Radical action for more gender equality in Antarctic science

Antarctica is not a man’s world - not anymore. Women have played an important role in the advancement of Antarctic science especially in the last 50 years. An on-line collection of biographies of successful female scientists who worked in Antarctica celebrates that. Hopes are that the carriers of these women will inspire young girls to follow in their footsteps.

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Grey whales in Russian Far East slowly recovering

The critically endangered western gray whale population that feeds in Russia's Far East waters is slowly showing signs of recovery, but their numbers and range are still at risk from industry activity in the region, according to a new report. Over the last 12 years, Sakhalin Energy has made important efforts to limit the impact of its operations on whales and the fragile environment. During this period, the western gray whale population has grown 3-4% annually, from an estimated 115 animals in 2004 to 174 in 2015.

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Franklins long lost HMS Terror found in the Northwest Passage

When Sir John Franklin and his 128 men vanished without a trace in the Canadian Arctic in 1845, it led to the biggest and longest search and rescue missions in the history of polar exploration. More than 50 years, numerous ships and explorers made their way into the high north to look for the expedition and simultaneously for a passage through the Canadian Archipelago. The passage eventually was found, but the expedition and its two ships remained lost for almost two centuries. Until 2014, when the HMS Erebus, Franklin’s flag ship was found. Now, another search party also found the second ship, HMS Terror… almost 100 km south of its presumed sinking spot and perfectly intact.

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ICE AGE movie characters experience winter at Scott Base in Antarctica

What are a sloth and a weasel doing in Antarctica? The two costume characters of the current ICE AGE movie “Collision Course” are in Antarctica to help 5-12 year olds to understand Antarctica and its relationship to climate change. Antarctica New Zealand and 20th Century Fox NZ are collaborating to create a video series that teaches young New Zealanders about the icy continent.

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Do it yourself – Canadian Inuit community takes steps against climate change

Energy for communities in the Canadian High Arctic always is relying on external supplies mostly by ship. Despite less ice along the eastern coast and the early opening of the Northwest Passage which makes it easier for supply ships to reach the remote communities in Nunavut and the Northwest Territories, it still is a difficult and especially costly affair. Ironically, as the communities will receive oil and diesel for energy production, they add to the climate change by burning fossil fuels. Clyde River will now go a different way.

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Communication beyond 81 North will improve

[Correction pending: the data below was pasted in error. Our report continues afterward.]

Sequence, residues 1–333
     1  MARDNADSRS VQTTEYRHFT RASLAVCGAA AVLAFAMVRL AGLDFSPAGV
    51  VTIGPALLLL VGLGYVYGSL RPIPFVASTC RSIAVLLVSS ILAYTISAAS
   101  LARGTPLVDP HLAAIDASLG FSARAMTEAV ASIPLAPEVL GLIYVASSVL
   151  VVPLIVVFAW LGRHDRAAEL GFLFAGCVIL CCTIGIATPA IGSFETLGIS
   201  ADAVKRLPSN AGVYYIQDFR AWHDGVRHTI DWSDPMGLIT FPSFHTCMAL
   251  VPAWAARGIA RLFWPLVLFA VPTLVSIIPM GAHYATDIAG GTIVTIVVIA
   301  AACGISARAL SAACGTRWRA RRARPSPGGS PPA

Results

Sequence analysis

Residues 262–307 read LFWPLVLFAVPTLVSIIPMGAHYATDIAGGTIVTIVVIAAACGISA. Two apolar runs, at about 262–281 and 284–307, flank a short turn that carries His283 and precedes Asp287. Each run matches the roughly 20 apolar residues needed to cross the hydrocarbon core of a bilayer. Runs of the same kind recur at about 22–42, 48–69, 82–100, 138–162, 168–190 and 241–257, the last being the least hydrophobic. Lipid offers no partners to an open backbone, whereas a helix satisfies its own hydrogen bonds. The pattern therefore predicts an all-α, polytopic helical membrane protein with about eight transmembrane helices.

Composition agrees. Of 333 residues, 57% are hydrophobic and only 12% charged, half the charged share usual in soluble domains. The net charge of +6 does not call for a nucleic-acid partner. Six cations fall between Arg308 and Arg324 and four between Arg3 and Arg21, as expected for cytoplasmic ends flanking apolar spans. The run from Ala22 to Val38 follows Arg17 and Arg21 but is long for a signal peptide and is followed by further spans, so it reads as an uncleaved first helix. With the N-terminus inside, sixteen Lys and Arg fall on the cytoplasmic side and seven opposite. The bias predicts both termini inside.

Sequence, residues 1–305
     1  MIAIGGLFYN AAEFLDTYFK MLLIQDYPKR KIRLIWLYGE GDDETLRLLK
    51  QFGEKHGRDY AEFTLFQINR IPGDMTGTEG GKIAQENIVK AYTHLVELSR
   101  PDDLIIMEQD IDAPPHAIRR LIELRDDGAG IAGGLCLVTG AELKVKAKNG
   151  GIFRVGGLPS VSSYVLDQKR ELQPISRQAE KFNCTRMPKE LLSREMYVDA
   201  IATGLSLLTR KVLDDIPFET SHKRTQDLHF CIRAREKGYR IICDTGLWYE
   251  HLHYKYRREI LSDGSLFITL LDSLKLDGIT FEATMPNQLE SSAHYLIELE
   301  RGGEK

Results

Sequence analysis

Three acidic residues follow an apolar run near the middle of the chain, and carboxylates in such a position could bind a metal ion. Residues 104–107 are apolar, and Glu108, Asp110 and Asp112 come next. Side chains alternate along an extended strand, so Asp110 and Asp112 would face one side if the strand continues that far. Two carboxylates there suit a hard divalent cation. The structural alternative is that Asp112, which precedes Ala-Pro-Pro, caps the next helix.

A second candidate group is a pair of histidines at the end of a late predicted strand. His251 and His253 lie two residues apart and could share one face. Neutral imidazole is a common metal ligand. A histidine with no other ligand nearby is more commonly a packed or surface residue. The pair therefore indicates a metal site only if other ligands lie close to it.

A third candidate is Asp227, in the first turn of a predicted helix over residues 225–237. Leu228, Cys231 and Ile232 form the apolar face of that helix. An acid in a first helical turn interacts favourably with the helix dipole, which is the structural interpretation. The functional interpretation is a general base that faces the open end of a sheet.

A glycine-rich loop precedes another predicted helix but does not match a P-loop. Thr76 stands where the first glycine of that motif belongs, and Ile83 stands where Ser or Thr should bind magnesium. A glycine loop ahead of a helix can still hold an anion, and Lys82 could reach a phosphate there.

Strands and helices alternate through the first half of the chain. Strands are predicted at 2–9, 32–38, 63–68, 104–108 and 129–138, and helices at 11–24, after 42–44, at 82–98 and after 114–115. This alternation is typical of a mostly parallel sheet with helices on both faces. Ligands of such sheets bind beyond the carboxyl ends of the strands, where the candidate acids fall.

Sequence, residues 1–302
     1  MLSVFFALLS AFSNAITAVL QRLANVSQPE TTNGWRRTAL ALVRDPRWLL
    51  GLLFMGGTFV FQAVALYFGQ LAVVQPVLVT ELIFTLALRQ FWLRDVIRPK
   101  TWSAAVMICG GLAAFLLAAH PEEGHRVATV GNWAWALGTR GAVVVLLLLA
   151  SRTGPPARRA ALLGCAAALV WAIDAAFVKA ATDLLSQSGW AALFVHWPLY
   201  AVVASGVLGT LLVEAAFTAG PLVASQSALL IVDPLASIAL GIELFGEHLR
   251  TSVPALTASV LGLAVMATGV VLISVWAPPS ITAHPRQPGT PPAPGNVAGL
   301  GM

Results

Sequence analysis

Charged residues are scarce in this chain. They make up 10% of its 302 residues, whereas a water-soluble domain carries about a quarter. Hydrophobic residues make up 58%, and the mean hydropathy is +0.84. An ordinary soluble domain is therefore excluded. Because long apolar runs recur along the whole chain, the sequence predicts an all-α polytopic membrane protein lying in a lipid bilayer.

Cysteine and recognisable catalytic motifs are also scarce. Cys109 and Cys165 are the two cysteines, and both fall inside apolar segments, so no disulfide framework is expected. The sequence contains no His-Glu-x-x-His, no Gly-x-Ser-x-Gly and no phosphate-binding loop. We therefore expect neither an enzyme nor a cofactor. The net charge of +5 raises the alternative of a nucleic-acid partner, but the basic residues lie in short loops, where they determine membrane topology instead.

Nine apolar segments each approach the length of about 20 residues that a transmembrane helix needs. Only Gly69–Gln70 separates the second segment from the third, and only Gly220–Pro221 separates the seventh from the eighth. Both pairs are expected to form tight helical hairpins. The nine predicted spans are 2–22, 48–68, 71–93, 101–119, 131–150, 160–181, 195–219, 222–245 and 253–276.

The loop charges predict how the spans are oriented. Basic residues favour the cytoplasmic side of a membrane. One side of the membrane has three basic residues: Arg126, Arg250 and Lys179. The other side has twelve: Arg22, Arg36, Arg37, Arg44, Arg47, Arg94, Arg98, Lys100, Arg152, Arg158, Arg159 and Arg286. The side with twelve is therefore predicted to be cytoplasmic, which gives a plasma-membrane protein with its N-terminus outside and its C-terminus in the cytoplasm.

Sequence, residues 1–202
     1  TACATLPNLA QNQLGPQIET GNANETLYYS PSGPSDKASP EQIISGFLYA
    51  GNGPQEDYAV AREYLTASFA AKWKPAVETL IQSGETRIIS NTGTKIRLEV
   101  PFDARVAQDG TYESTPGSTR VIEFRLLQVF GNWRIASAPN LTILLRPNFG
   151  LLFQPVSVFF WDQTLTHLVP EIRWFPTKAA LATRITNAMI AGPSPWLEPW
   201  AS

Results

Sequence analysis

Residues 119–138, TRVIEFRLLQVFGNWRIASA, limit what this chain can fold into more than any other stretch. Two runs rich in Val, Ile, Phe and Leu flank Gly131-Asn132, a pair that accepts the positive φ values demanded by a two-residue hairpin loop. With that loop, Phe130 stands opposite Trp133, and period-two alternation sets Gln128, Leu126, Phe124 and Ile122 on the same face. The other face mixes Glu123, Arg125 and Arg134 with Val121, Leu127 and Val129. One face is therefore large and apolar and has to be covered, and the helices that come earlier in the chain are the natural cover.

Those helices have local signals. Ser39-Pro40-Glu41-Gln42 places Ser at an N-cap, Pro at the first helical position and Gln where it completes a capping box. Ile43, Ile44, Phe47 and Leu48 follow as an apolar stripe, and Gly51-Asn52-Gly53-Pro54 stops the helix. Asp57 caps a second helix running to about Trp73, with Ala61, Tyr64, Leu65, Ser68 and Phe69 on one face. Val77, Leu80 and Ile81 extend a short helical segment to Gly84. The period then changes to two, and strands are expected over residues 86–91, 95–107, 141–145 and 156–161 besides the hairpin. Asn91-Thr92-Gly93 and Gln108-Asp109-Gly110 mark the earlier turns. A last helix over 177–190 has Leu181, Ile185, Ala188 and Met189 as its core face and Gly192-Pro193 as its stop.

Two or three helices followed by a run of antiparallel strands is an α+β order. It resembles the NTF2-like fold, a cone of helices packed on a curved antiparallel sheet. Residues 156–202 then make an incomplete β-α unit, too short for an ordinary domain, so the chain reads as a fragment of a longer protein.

Today, maintaining communications coverage north of Svalbard is a great challenge, but a new Norwegian research project promises a groundbreaking solution for far-north Arctic areas.

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First sunrise and start of winter flights at New Zealand’s Antarctic Scott Base

A phenomena normal for thousands of people is celebrated in Antarctica: The first sunrise after months of darkness. The return of the light is also the start for an important Antarctic summer season for New Zealand as it signifies 60-years since the construction of Sir Edmund Hillary’s Trans-Antarctic Expedition Hut, the original Scott Base.

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Melting ice sheet could expose frozen Cold War-era waste

Climate change is threatening to expose hazardous waste at an abandoned camp thought to be buried forever in the Greenland Ice Sheet, new research has found. Camp Century, a United States military base built within the Greenland ice sheet in 1959, doubled as a top-secret site for testing the feasibility of deploying nuclear missiles during the Cold War. When the camp was decommissioned in 1967, its infrastructure and waste were abandoned

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Antarctic sea ice may be a mercury source in the food web

New research has found methylmercury -- a potent neurotoxin - in sea ice in the Southern Ocean. The results are the first to show that sea-ice bacteria can change mercury into methylmercury, a more toxic form that can contaminate the marine environment, including fish and birds.

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Last mammoths on Alaskan island went extinct due to lack of water

A remnant population of woolly mammoths on a remote Alaska island was likely pushed to extinction by rising sea levels and a lack of access to fresh water, according to a newly published study.

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